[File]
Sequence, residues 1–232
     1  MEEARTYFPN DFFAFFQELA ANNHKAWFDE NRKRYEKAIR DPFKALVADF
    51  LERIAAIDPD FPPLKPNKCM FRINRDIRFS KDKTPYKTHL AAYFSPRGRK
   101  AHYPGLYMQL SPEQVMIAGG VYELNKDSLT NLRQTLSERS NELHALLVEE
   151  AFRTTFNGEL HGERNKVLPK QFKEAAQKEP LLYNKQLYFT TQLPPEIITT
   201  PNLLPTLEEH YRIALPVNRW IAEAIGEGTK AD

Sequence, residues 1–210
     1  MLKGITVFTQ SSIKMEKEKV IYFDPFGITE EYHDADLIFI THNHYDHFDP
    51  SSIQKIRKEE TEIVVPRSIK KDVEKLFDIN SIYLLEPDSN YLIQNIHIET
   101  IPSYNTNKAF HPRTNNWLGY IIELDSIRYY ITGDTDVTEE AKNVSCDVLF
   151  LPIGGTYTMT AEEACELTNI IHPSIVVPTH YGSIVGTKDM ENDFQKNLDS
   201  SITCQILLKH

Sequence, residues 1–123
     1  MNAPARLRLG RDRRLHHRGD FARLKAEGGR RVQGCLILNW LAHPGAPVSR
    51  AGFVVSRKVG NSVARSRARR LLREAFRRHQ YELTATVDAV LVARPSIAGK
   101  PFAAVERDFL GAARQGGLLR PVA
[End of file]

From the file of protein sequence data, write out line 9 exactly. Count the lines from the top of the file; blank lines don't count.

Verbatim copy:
    51  SSIQKIRKEE TEIVVPRSIK KDVEKLFDIN SIYLLEPDSN YLIQNIHIET